Tuna Christmas makes her Texas Community Theater debut in Beaumont

Players in the Beaumont community have been cautious when casting COVID for the 2021-22 season, focusing on parts with few parts. But their latest show has wide distribution – well, sort of.

The 22-character population of Tuna, Texas – “the third smallest town in the state” – is played by just two actors in BCP’s comedy “A Tuna Christmas,” which opens Dec. 3. Paul Bloyd and Trini Gonzalez each play 11 different components.

“They both play boys and girls, young and old,” said director Sean McBride. “Part of the fun is that they’ll literally leave the stage as a man and come back three lines later as a woman.”

The plot revolves around the eccentric citizens of Tuna preparing for the annual Christmas garden exhibit competition, but when a “ghost” roams the city to vandalize the exhibits, things turn upside down.

“A Tuna Christmas” is one of four pieces in a series, written by Jason Williams, Joe Sears and Ed Howard, which began with “Greater Tuna” in 1981. Williams and Sears played all of the roles. McBride said he saw “Greater Tuna” in Seattle and again in Salt Lake City.

“As a person who lives in Texas, I was like, ‘Yeah, these people have no idea what’s going on. They are just acting, ”he said.

McBride wanted to do it in Texas, but it was not available until now because Williams and Sears constantly shot the plays until Sears retired in 2012. It is the first community theater in Texas, did he declare.

Playing so many different characters is a challenge, Bloyd said, especially finding a way to differentiate five female parts.

“Since all of these characters have a relatively similar scope, it’s not our normal scope, it’s to tell them apart that is so difficult,” he said. “You pick it up in your upper register, but don’t make them all sound like they’re all in the same place in the upper register.”

This is Gonzalez’s first play, so he not only gets to know the varied characters, but also takes a crash course in theater in general.

“It’s been an incredible challenge, and it’s an eye opener to see what happens in a production,” he said. “You can’t take it for granted, just sitting in the audience, what the performers, the director, the stage crew, what they really have to do.”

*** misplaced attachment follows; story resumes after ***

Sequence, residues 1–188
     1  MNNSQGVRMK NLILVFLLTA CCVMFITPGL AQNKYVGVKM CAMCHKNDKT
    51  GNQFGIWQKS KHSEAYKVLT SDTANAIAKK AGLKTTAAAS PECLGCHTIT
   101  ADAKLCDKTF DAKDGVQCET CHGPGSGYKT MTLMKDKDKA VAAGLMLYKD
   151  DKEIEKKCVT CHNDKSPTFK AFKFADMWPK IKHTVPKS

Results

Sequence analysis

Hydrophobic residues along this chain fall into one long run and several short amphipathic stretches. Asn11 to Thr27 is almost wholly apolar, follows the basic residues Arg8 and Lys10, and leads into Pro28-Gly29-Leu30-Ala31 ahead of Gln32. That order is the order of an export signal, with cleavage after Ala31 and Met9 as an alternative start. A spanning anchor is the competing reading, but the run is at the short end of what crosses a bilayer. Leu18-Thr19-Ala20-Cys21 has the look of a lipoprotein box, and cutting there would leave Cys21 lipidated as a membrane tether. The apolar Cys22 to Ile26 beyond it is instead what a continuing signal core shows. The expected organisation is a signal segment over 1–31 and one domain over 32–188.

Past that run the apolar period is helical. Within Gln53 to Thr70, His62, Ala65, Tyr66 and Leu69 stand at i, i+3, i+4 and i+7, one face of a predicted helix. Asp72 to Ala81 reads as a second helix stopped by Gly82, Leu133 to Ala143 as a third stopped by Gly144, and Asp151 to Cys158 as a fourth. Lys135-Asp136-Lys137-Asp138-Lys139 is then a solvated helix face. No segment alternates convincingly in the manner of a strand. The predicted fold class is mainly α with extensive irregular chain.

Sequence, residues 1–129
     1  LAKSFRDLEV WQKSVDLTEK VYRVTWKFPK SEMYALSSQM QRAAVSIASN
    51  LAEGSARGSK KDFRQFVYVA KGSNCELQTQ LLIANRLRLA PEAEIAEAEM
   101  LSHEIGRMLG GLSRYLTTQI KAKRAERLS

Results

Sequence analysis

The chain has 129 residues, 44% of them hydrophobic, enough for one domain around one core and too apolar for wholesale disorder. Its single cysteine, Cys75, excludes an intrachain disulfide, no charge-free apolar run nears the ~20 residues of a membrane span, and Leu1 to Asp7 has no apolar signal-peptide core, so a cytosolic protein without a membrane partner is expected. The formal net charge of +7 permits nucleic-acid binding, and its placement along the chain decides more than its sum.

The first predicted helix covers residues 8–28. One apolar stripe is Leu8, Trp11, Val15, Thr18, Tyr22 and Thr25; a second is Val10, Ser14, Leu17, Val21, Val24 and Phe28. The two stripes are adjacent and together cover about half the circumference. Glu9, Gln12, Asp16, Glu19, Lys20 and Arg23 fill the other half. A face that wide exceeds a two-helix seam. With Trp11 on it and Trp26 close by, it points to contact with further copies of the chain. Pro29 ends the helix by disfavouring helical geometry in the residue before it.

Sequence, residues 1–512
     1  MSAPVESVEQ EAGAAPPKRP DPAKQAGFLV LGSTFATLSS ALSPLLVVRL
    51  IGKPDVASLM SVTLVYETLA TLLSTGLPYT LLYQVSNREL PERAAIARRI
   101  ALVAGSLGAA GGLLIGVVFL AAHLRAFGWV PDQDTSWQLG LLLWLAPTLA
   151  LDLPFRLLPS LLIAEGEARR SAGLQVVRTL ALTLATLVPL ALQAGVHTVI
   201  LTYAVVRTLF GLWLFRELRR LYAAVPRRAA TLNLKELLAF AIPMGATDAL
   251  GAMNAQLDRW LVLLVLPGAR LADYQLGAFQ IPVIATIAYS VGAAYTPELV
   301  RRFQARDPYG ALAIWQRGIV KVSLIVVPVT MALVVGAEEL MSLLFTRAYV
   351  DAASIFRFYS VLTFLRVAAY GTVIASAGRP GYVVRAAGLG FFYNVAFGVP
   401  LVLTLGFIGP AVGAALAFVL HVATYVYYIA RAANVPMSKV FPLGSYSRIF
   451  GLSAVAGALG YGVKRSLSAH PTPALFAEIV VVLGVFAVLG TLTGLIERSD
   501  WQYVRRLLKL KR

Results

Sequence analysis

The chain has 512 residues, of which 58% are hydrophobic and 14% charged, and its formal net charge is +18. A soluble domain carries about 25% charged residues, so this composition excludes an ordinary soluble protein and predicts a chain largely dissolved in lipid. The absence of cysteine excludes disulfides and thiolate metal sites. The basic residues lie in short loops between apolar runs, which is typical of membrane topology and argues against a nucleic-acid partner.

While the on-stage action keeps audiences engaged, McBride said the behind-the-scenes action was almost as exciting. Both actors have two dressers to help with quick costume changes, as well as a team of four making scene changes.

“There are four times as many people backstage as there are guys on stage,” McBride said. “What the audience doesn’t see is that there is real choreography going on.”

The actors treat all characters the same, although Bloyd has said he has a soft spot for Stanley, who is more low-key than some of the others.

“He’s just a kid and he’s been in trouble over the years, sort of grew up in a town where his dad was in trouble too,” Bloyd said. “(It’s) a self-fulfilling prophecy that he’s following in his father’s footsteps, even though deep down he’s actually a very good kid.”

Gonzalez has stated that his favorite character is Joe Bob Lipsy, the director of Tuna’s community production of “A Christmas Carol”.

“He’s a bit of a stretch and everything revolves around him – he’s a stage thief,” Gonzalez said.

Although the characters are predominantly Texan, the play is still a family Christmas spectacle with all the heart that comes with it, McBride said.

“In order to have the feeling, we have to give (the audience) real characters that we can care about,” he said. “A lot of it is just big, bold, straightforward comedy. Then, towards the end, you get all the warm family stuff.

“A Tuna Christmas” will be presented on December 3, 4, 10, 11, 16, 17, 18 at 7:30 p.m., with a morning at 2:00 p.m. on December 11. Tickets cost $ 26 and $ 24 for seniors and students.

Beaumont Community Players is located at the Betty Greenberg Center for the Performing Arts, 4155 Laurel Avenue, Beaumont, TX 77707.

Andy Coughlan is a freelance writer.

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